Do you often think about how it seems that some players just have the Sixers’ number all the time? They aren’t scrubs, but they certainly aren’t franchise players either. However, when you see a Sixer defender engage one of these select few, you get this sickening feeling in your stomach. It feels like this list could go on for days, but here is a potential starting lineup of cold blooded Sixers’ killers.
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PG: Spencer Dinwiddie
v. 76ers stats: 17.6 ppg, 5.3 apg, 45% FG, 45.2% 3P, 121 ORtg
Career stats: 12.5 ppg, 4.8 apg, 41.1% FG, 31.8% 3P, 112 ORtg
Dinwiddie > Kyrie at least against the Sixers it seems (until Kevin Durant comes back at least). Watching Dinwiddie get to the rim at-will is agonizingly frustrating, but nothing compares to watching a career 31.8% three-point shooter knock down shot after shot. Dinwiddie seems like a nice guy who worked his ass off to make it, but I’m starting to hate the man. I usually understand why the team drops on screens in a PnR situation, but Dinwiddie has me screaming at Brett Brown and every player to stop dropping.
SG: Dion Waiters
v. 76ers stats: 14.9 ppg, 3.5 apg, 41.3% FG, 40% 3P, 101 ORtg
Career stats: 13.2 ppg, 2.8 apg, 41.2% FG, 34.8% 3P, 98 ORtg
It’s been a while since Dion Waiters stepped on the court against the Sixers, but that doesn’t mean he hasn’t cooked them before. To be fair, a lot of his stats were compiled during The Process, so take it with a grain of salt. It appears that the best of Waiters’ days have passed, but it wouldn’t be surprising to see him torch the Sixers at least one more time. While it appears Waiters will be waived by the Memphis Grizzlies, he could still be picked up by a team to provide one more Sixers’ assault. The nightmares of Waiters hitting a big shot Game 5 of a Heat-Sixers playoff series have been vanquished…for now.
SF: Rondae Hollis-Jefferson
v. 76ers: 11.4 ppg, 5.5 rpg, 53.8% FG, 25% 3P, 108 ORtg
Career stats: 9.6 ppg, 5.8 rpg, 44.7% FG, 21.7% 3P, 105 ORtg
Full disclosure: it took a while to find a prime candidate for this slot. The Chester native may not be an offensive juggernaut, but that doesn’t stop him from elevating his game against the hometown team. RHJ doesn’t light it up from deep, but he can find other ways of hurting the Sixers. He caused some chaos as a small-ball 5 in the first round of the 2019 playoffs as a member of the Nets. He can get to the rim against bigger guys and take the guards to the weight room. Sidebar: his defense on Ben Simmons. RHJ is one of the few defenders that is quick enough to stay with Ben but still strong enough to stymie him down low. With the Sixers and Raptors on a collision course for the playoffs, expect RHJ to have a game or two where he gets into double-digits and frankly just pisses us off.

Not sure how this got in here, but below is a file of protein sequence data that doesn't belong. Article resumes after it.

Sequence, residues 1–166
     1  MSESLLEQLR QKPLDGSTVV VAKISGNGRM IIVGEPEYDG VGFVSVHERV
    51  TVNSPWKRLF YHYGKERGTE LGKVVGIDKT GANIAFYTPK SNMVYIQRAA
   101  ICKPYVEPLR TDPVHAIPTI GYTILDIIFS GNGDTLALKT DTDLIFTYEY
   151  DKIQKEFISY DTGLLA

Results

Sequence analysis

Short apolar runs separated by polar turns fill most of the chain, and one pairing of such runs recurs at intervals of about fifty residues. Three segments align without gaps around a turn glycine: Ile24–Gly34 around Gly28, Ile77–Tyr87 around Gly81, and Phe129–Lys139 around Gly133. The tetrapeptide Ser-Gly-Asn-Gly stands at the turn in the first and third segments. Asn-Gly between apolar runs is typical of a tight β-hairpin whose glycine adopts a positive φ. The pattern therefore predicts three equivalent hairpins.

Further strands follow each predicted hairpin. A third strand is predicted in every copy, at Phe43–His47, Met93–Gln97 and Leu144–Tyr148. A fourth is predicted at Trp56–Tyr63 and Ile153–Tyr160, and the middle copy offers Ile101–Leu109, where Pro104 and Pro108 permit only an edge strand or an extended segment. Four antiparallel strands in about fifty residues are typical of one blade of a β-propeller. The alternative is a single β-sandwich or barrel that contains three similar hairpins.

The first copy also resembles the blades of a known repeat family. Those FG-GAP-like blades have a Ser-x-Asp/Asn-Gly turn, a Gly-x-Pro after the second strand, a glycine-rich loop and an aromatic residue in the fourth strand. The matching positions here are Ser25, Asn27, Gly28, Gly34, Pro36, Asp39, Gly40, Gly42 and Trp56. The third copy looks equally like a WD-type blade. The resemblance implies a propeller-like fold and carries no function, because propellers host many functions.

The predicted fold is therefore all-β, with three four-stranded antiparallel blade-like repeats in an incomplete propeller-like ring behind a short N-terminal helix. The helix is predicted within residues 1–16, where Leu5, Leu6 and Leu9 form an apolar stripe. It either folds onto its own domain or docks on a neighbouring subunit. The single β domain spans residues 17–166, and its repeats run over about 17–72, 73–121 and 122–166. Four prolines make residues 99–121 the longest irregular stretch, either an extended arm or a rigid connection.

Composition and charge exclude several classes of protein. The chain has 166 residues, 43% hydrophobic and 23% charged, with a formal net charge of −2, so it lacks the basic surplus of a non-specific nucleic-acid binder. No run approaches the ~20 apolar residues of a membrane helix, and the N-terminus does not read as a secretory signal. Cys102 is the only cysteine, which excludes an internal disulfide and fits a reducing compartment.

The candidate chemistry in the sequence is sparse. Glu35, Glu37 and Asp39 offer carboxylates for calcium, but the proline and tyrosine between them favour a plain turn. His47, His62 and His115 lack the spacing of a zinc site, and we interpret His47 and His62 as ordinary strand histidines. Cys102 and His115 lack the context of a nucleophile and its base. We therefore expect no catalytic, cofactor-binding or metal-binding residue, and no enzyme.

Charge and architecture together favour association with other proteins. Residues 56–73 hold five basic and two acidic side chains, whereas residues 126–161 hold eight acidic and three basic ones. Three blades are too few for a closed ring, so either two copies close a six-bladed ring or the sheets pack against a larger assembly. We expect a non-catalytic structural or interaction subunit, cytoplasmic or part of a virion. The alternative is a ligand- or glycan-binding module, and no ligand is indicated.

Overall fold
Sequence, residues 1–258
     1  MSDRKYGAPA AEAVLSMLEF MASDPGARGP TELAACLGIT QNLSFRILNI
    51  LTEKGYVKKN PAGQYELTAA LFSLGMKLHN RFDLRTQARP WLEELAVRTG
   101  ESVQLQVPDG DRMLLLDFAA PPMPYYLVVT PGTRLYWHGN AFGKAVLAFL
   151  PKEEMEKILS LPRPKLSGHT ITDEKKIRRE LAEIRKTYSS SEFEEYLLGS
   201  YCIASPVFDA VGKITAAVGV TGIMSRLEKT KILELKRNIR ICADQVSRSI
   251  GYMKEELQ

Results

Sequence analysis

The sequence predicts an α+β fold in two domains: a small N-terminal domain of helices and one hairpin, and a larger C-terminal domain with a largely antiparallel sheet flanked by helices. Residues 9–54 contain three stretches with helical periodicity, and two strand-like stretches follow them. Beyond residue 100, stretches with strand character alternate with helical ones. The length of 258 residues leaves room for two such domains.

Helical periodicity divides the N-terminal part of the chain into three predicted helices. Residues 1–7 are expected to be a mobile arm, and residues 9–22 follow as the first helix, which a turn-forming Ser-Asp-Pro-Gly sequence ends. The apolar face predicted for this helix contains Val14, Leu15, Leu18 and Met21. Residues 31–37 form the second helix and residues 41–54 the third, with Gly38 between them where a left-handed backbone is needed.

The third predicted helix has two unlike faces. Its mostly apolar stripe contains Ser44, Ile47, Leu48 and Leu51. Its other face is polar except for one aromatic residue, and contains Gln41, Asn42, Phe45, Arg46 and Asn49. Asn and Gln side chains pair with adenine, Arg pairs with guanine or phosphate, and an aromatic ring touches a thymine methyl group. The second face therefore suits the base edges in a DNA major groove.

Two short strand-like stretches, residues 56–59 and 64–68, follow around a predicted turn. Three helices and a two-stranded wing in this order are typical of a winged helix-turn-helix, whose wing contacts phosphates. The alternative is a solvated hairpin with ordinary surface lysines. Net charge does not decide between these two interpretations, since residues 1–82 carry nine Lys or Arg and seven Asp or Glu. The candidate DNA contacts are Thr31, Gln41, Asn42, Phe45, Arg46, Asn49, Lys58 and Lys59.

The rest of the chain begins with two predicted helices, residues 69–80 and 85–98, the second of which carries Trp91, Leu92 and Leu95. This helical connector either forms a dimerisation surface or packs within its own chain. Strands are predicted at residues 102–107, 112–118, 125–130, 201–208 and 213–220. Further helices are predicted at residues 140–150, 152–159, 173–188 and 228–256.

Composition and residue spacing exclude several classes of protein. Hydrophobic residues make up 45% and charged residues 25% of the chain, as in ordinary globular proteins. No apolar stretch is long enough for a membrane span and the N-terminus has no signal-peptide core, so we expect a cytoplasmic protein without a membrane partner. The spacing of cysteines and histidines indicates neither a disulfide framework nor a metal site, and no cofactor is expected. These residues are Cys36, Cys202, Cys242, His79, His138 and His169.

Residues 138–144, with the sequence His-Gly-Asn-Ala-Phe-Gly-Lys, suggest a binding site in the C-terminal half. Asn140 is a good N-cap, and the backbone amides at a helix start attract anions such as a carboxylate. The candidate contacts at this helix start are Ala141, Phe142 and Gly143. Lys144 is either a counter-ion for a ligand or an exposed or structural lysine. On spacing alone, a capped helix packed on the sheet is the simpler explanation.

PF: Marcus Morris
v. 76ers stats: 15.8 ppg, 6 rpg, 49.1% FG, 41.3% 3P, 121 ORtg
Career stats: 12 ppg, 4.7 rpg, 43.2% FG, 36.9% 3P, 107 Ortg
Anyone who has watched the Sixers since Ben’s rookie season can tell you just how much Marcus Morris kills the Sixers. People joke that Morris has never missed a shot against the Sixers, but it’s far from a joke if we’re being honest. In fact, his bump here feels far more reasonable than the eye test tells. Morris is another Philly native who circles Sixers games on the calendar and shows out against his childhood team. Marcus Morris is the epitome of the guy you hate but would love to have on your team. All the extra-curricular nonsense is annoying when he is the opposition, but we’d love it if he played for Philly. Thankfully, he was shipped to the West at the deadline, so there’s less of a chance for him to hurt the team now.
C: Aron Baynes
v. 76ers stats: 7.2 ppg, 4.7 rpg, 55.9% FG, 45.5% 3P, 125 ORtg
Career stats: 5.8 ppg, 4.5 rpg, 49.7% FG, 31.2% 3P, 111 ORtg
Aron Baynes is hands-down the most frustrating player on this list. If I have to watch him hit one more two-handed volleyball-set shot from the top of the key or the corner, I’m going to lose my mind. The man single handedly took years off my life during the Sixers-Celtics playoff series. I’m not sure what Baynes has against the Sixers, but he should bottle and sell whatever it is. My favorite part of this past off-season was finding out that he moved to the Western Conference. Even still, seeing him two times a year is two times too many. This behemoth is somehow more dangerous out on the perimeter than he is down low.. Perhaps it is that he gets up to play his Australian brethren. If so, maybe Ben should ask him to take it easy once in a while.
Follow Process Potables contributor Torin Vanin on Twitter (@torin_vanin)!